Vanguard Utilities ETF

Investing in the utilities sector is another defensive move to consider if you're concerned about the impacts of a recession on your portfolio. Consumers need to keep the lights on and the water running. The Vanguard Utilities ETF (VPU) is an index fund that attempts to track the performance of the MSCI USA IMI Utilities 25/50 Index. This fund offers exposure to some of the top utilities players, including Duke Energy (DUK) and Dominion Energy (D). VPU performed exceptionally well in 2019, returning 24.92% to investors, and like other Vanguard funds, it has a low expense ratio of 0.1%. With a yield of 3.15%, this utility sector fund could also be a good fit if you're looking for income generation.

Invesco QQQ Trust

QQQ (QQQ) could be a good recession-proof mutual fund pick if you're looking for exposure to the biggest tech companies. Technology sector funds can become dark horses during a recession. For example, the pandemic increased demand for tech that made remote work easier, giving the sector a boost. There's continued opportunity for innovative firms to fill in remaining technology gaps, says David Louton, finance professor at Bryant University. "Technology companies in general are poised to do well, especially those whose products provide practical solutions or increased efficiencies." Microsoft (MSFT) and Amazon.com (AMZN) are top holdings. The Invesco QQQ Trust has continued to perform well, despite first-quarter stock market volatility. The fund's expense ratio is 0.2%.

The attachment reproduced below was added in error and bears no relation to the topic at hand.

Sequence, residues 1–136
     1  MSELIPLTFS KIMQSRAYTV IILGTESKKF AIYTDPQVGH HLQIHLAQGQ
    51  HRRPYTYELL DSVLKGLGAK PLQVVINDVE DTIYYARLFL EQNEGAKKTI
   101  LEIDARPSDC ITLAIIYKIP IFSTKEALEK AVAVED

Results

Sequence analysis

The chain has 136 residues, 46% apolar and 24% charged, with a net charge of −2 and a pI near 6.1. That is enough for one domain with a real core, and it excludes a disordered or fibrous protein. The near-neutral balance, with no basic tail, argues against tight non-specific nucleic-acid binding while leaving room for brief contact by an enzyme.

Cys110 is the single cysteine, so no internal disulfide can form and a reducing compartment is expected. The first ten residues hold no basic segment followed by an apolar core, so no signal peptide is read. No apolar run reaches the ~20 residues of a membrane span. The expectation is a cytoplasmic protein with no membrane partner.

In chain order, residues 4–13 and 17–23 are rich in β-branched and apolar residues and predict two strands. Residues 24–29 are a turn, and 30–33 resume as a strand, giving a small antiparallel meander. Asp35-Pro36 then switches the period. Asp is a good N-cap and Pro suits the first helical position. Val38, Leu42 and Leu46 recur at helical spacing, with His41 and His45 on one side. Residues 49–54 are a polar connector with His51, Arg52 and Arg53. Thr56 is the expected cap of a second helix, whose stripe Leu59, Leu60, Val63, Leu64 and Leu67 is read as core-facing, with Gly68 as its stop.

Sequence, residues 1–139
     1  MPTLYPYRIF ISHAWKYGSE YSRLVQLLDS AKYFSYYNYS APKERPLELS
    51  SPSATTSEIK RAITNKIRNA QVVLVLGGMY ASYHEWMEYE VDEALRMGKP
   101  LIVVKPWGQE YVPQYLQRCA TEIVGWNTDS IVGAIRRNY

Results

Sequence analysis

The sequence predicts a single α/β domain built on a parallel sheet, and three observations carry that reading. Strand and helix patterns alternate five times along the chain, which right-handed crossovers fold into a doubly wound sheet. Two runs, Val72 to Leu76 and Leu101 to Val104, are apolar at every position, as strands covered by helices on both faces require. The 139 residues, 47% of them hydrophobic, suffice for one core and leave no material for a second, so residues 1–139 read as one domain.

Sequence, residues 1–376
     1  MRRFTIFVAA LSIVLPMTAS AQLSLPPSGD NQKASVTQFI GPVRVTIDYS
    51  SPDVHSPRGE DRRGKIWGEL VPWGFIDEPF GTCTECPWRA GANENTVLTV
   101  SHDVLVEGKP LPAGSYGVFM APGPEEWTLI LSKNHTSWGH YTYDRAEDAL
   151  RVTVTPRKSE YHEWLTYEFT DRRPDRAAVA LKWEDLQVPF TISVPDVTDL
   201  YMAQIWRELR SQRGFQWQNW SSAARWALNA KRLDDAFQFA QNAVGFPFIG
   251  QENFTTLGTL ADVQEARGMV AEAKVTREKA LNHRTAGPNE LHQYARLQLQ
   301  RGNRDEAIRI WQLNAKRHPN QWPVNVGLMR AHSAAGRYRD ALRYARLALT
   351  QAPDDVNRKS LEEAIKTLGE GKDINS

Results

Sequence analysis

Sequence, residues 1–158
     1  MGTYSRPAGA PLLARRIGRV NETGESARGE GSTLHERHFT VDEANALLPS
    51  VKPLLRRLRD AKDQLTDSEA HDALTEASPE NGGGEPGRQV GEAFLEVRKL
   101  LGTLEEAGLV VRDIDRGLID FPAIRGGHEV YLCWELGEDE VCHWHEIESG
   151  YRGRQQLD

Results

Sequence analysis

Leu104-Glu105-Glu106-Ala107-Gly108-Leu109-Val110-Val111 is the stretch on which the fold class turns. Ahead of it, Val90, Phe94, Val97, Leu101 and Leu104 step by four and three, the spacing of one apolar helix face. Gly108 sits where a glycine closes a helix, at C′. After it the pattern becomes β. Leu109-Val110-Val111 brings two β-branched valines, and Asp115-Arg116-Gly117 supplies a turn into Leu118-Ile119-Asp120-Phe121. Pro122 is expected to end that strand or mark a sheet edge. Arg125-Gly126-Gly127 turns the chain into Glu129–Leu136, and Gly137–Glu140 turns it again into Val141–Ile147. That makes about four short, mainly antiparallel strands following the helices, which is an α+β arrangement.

Fidelity Select Telecommunications Portfolio

Telecommunications is another sector that tends to remain stable during a recession, similar to utilities. And with the recent boom in remote work related to the pandemic, the telecom sector may continue to be bolstered by strong demand for services. FSTCX (FSTCX) is a capital-appreciation fund that invests in some of the largest telecom companies, including Verizon (VZ) and AT&T (T). While the Fidelity Select Telecommunications Portfolio does pay out dividends, the fund's primary focus is on growth. Over the long term, investing in telecoms could pay off if more companies adopt remote-work policies for employees. Telecommunication providers that have begun the shift to 5G – meaning fifth generation tech – may prove to be the standouts. FSTCX (FSTCX) has an expense ratio of 0.18%.

Vanguard Real Estate ETF

Real estate sector funds can offer some insulation against potentially negative recessionary impacts since property investments tend to have lower overall correlation with the stock market than other sectors. The key is choosing recession-proof mutual funds that hold a diversified portfolio of properties at a reasonable cost. VNQ (VNQ) measures up on both counts, with an expense ratio of 0.12% and an investment strategy that seeks to track the performance of the MSCI US IMI Real Estate 25/50 Index. The Vanguard Real Estate ETF offers exposure to top real estate investment trusts such as American Tower Corp. (AMT) and AvalonBay Communities (AVB), as well as the Vanguard Real Estate II Index (VRTPX).